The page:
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Friday, September 02, 2005

The Price of Economic Growth in China

The Seattle Post-Intelligencer reports on labor conditions in China through this guest editorial from Li Qiang who, as the column notes, "is founder and executive director of China Labor Watch, a New York-based non-profit organization that promotes labor rights in China. He was a visiting scholar at Columbia University."

Workers pay price for China's economy, by Li Qiang Guest Columnist, Seattle PI:  With Chinese President Hu Jintao's first stop of his U.S. visit here in Seattle, it is appropriate to greet him with some observations that will probably not be made in his tour of corporate facilities or in meetings with government officials....China's roaring economy is being built on the back of millions of Chinese workers denied their most fundamental rights. And it is being built within a political system subject to greater and greater stress from this same economic growth that it does everything to promote. ...China's rapid economic growth is ... without parallel. But China's current economic system could not exist in a democratic nation. ... [D]ecisions ... in China do not require democratic discussion, and the government of China has put aside all other considerations in order to develop the economy. Only under such authoritarian rule is it possible for the market to be so tightly controlled and for there to be this kind of trade surplus.

The Chinese elites as well as the multinational corporations are the real winners of U.S.-China trade relations. For example, a typical article of clothing produced for one of the big multinational brands in a Chinese factory at a cost of $5 will be sold to the U.S. consumer for as much as $40. And the total compensation for the labor of the Chinese worker who made it will be less than 80 cents. For these reasons, it's easy to understand why the multinationals are so eager to move orders and production lines to China.

Last year, total U.S. trade … reached … $196.7 billion … of imports from China. The reality of these imports is that they arrive on the backs of millions of Chinese workers. These workers labor six days per week (seven during peak season), 13 hours per day, for as little as 35 cents per hour. They do not have pensions or Social Security; they do not have unemployment or medical insurance. By the time they reach age 40, they start having difficulty keeping up with the heavy workload. Soon, they are left with nothing.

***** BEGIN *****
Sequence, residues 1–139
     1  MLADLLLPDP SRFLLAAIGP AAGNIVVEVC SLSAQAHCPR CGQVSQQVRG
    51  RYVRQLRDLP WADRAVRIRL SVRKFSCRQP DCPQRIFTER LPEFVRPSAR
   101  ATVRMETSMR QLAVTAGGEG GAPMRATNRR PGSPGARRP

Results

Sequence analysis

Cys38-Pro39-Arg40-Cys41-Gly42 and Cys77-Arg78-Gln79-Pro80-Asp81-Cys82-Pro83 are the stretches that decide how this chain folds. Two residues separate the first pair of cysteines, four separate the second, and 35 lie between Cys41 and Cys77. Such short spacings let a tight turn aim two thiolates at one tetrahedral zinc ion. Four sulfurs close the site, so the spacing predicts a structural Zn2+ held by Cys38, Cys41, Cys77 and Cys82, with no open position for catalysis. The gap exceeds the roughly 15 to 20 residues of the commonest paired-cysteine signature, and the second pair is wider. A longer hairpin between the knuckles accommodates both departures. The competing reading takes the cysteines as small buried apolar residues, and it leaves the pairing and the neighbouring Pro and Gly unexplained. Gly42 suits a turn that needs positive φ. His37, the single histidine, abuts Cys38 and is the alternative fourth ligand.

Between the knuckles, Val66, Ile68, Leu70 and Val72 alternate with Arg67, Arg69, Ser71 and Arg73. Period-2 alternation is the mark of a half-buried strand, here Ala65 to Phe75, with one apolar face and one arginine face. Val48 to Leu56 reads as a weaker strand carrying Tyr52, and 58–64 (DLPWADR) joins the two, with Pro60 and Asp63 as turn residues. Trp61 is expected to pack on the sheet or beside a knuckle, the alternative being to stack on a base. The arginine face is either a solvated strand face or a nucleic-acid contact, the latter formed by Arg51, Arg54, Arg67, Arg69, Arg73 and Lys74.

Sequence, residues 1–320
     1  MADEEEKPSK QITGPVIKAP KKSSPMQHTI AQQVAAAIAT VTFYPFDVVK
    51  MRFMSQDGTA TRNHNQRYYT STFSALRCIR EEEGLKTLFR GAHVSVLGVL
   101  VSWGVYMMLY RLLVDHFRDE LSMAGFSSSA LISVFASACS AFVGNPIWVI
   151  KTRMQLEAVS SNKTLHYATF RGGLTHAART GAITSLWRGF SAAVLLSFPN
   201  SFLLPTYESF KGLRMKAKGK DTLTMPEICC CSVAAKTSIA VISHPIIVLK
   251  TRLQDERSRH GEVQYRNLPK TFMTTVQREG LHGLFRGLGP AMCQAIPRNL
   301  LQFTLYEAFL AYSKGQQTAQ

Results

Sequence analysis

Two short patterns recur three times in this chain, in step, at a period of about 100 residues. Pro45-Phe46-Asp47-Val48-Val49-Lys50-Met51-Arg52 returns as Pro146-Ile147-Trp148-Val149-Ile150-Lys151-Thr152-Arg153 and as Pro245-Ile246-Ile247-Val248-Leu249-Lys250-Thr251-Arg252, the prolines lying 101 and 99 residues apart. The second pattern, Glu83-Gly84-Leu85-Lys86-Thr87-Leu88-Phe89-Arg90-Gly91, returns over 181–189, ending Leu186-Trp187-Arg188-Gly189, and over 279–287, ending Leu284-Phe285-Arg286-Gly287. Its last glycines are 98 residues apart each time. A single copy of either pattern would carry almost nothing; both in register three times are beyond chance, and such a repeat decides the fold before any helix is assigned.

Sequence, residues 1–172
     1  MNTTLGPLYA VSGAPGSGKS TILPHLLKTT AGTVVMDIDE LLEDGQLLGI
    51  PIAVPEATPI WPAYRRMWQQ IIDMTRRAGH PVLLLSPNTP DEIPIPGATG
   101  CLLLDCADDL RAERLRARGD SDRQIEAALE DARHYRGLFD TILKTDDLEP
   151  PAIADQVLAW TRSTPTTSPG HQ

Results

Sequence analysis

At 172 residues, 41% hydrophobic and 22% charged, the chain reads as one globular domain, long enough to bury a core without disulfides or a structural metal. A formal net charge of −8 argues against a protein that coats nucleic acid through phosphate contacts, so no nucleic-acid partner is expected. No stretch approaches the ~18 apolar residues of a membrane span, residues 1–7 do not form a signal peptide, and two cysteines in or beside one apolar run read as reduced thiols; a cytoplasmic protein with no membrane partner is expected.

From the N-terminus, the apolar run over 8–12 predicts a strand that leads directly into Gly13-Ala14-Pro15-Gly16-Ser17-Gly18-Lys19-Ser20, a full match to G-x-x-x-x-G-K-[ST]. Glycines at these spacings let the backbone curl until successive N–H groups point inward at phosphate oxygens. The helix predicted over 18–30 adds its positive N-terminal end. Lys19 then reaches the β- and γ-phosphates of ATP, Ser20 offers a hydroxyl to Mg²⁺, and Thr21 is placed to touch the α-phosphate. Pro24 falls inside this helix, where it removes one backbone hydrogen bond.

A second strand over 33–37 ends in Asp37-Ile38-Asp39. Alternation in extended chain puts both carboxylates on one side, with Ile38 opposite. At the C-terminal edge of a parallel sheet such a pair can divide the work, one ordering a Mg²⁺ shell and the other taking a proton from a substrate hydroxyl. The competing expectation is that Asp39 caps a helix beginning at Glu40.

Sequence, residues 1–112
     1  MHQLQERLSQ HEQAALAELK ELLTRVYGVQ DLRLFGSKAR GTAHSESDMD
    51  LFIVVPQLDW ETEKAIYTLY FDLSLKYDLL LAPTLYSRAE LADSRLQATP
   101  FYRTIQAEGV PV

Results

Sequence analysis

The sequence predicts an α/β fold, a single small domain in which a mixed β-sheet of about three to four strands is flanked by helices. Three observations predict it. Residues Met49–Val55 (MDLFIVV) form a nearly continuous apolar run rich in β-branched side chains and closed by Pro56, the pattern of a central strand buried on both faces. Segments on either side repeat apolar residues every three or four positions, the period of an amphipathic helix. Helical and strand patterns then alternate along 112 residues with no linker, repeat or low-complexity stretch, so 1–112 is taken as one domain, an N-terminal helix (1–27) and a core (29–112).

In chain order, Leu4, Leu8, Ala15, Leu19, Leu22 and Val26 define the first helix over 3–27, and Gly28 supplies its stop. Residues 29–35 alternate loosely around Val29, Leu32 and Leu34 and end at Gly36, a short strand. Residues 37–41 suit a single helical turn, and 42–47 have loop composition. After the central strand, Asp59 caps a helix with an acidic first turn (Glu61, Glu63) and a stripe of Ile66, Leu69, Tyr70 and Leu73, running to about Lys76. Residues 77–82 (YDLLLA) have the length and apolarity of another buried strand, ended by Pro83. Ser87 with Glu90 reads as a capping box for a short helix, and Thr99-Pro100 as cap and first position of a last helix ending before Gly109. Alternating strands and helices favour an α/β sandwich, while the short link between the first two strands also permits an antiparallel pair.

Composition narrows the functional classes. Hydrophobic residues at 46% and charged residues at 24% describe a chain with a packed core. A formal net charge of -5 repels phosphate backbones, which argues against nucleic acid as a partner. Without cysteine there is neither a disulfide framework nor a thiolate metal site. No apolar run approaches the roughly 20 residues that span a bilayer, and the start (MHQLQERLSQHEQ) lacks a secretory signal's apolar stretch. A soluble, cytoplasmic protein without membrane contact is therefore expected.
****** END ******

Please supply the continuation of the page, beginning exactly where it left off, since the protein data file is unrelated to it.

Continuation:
Factories that pollute the environment are given investment opportunities in order to develop the local economy but no measures are taken to deal with the pollution. ... Rapid economic development has greatly increased demand for the consumption of energy, which has led to overexploitation in small coal mines and oil fields. To reduce the production cost, such exploitation often takes place with cheap labor and without safety measures. This condition has caused frequent safety incidents. Many lives of mining workers were lost. The cheap energies produced in this way are consumed in industrial production, particularly in export-oriented manufacture industry, which is another reason why products made in China are so cheap in the international market.

…We see that there are increasing numbers of strikes and displays of rebellion by workers. Social instability is becoming increasingly visible. In 2003, there were more than 58,000 industrial conflicts. In 2004, that number reached 74,000. The gap between rich and poor is increasing; state-owned factories are closing and going bankrupt; workers are being laid off and losing jobs; peasants are leaving the countryside and entering factories where they have no long-term guarantees. … According to a recent survey … China's richest 10 percent enjoyed 45 percent of the nation's wealth, while the poorest 10 percent owned just 1.4 percent. Because tax revenue is not used by the government as a way of evening out disparities between unequal income earners, the gap between rich and poor is increasingly conspicuous. More than 20 years after the beginning of the era of reforms, it is easy to see that the ideal of "collective prosperity" is still very far away.

More and more U.S. companies are developing close relationships with China and, of course, there is a great deal of discussion and concern about the huge U.S. trade deficit with China. Chinese economic and political stability is therefore a matter of major concern for U.S. companies and policy-makers. The most effective and fairest way to address this concern is for China to develop policies that will enable Chinese workers to exercise their rights and enjoy the fruits of their labor. Perhaps somebody will be bold enough to suggest this to President Hu Jintao during his visit.

    Posted by on Friday, September 2, 2005 at 05:04 PM in China, Economics, International Trade | Permalink  TrackBack (0)  Comments (4)


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